Discussion in 'General Self Defense' started by TMA17, Feb 28, 2018.
Personally I don't like head movement. Never used it. It's to risky. Boxing is okay but for things like kickboxing, Mma or self defence you duck or sway the wrong way you go right into the shot
You make a good point. So do you prefer blocking or just footwork instead? There is a good video you may have seen of a guy paying people to try and hit him and he dodged every one. It was impressive.
I dream of Christmas cookies, winning lotteries....and people not moving their head when fighting.
I mean, it's really nice of them to keep it right there.
I don't doubt it but there's still a huge risk. That video shows Anderson silva and yeah he looks great there but he also got knocked out trying the same thing in another fight
Pause the video at about 0:14 when Garbrant ducks low he could very easily duck right into a knee if cruz timed it right
Here we are perfect example. Yeah okay it's more a takedown attempt but similar thing
That boy is going to get killed doing that someday.
I would say it's a lot more risky to keep your head on center.
Head movement like anything else requires a lot of training before you can utilize it. Like blocking, there are right and wrong ways to do so. Moving your head out of the way of an attack while keeping your hands up, good. Showboating and dropping your hands while dancing in front of your opponent, bad. Coming from a "traditional" background I never trained head movement until I started training FMA. It made evasions and setting up counters much easier.
It's much easier to hit something that doesn't move.
- dodge a punch, your opponent will punch you again.
- block a punch and wrap that arm, your opponent won't be able to punch you again.
Still going with the head movement idea. It's ok to like it. Just understand that it has some limitations. If someone knows you like to do a lot of head movement, they will throw a punch to set you up for a knee strike or a kick. When I know that I'm fighting someone that likes to do a lot of head movement, I just start attacking the body and the legs and eventually that head movement gets slower and slower.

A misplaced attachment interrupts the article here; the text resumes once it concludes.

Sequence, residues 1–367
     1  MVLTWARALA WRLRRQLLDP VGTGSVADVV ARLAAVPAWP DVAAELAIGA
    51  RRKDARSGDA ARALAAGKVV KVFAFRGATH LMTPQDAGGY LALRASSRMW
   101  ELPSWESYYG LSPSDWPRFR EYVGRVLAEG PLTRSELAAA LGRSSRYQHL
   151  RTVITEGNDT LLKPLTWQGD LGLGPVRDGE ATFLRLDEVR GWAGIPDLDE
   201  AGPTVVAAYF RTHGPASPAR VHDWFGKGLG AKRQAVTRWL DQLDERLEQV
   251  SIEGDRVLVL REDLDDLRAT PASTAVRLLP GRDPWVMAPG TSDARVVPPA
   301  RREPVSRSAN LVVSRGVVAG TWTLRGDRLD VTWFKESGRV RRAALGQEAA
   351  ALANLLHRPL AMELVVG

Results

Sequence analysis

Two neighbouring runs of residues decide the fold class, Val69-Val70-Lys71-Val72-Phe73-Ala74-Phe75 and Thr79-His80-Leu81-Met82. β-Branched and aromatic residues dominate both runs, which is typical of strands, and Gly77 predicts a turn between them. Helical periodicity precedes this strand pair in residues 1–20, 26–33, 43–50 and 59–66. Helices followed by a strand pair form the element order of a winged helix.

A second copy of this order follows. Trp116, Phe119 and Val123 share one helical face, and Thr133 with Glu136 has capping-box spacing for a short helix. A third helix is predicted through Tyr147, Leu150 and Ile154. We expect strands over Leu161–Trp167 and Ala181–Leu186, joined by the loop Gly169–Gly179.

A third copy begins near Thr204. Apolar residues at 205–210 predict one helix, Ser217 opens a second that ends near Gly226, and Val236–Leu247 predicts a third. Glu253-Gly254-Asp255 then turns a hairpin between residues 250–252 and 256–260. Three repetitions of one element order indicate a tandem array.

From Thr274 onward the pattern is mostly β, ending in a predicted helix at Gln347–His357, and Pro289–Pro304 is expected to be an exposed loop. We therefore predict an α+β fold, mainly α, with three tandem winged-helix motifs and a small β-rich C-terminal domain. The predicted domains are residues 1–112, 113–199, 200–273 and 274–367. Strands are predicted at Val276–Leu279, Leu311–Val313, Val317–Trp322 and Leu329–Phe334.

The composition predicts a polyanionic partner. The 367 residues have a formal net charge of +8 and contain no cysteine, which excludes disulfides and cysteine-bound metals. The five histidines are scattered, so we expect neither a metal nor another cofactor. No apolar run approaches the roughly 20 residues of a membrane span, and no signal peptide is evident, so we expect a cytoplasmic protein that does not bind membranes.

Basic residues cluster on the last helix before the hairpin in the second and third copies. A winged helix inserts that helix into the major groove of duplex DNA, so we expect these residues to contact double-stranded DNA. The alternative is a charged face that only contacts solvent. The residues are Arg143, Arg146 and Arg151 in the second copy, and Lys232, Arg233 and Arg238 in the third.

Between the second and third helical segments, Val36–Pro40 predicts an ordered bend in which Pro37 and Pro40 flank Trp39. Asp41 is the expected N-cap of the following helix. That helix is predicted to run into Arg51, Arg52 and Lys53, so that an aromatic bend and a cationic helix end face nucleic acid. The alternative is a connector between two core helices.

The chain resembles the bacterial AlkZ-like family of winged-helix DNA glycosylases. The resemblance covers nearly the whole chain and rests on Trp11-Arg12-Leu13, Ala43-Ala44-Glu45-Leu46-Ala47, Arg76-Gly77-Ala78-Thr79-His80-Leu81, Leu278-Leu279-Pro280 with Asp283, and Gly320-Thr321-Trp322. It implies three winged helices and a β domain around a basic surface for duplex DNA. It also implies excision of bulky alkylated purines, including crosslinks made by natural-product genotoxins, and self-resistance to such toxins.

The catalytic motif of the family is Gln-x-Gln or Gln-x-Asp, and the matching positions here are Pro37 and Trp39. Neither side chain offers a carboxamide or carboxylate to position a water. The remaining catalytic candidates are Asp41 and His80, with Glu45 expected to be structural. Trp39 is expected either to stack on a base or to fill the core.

Sure, and if you
-deal with punches by trying to block them all and catch them with your arms you will probably take an unscheduled nap.
-keep your head offline and in motion you will retain your ability to eat solid food.
Maybe I like my food grined down into a fine paste. I agree, it's doesn't have to be an either or situation. There will be situations that head movement may be more beneficial than blocking and vice versa. Drilling both with proper form is a great way for martial artists to improve their defensive skills.
head movement itself is not bad. Like many things it's just how it's done that can get you into alot of trouble. I use head movement but it's done by shifting off center vs moving my head around like a boxer. Much of my head movement that I do is the result of short shuffles to move my head out of range. This way I can still attack and counter when ready, even when I'm moving off center vs. Moving the head first and countering or attacking second.
Yes, dropping the head too low, having your hands down and not executing counters are the most common mistakes people make.
Though that can be considered head movement, I was more so referring to slipping, bobbing and weaving. However; that could be more stylistic differences. There are slight yet crucial differences in slipping, bobbing and weaving when discussing the sport of boxing and FMA/MA. In FMA/MA they teach us to not bend at the waist, keep your hands up and move with intent. FMA obviously has a more martial approach to head movement thus we must deal with kicks, knees and other low attacks. Meaning, taking the "boxing" head movement into an MMA bout or real world application may not be the best, but the more FMA/MA style of head movement is a great skill to have.
If it works for you then I would keep doing it, but there are other styles of head movement that are also effective. I think it comes down to preferences, but I always prefer to approach it from a MA standpoint rather than a sport one. It sounds you have a similar approach as well.
Head movement is an important aspect. When to move and why is also important. Doing so just to be taunting or showboating can be a dangerous thing.
Actually it doesn't just work for me. It's the only way the long fist techniques of Jow Ga can work. The bobbing and weaving actually takes me out of the structure that's needed to throw the big punches, sweeps, and elbow strikes. Some systems simply don't have the structure that would work well with the boxer's head movement, the one I study just happens to be that way.
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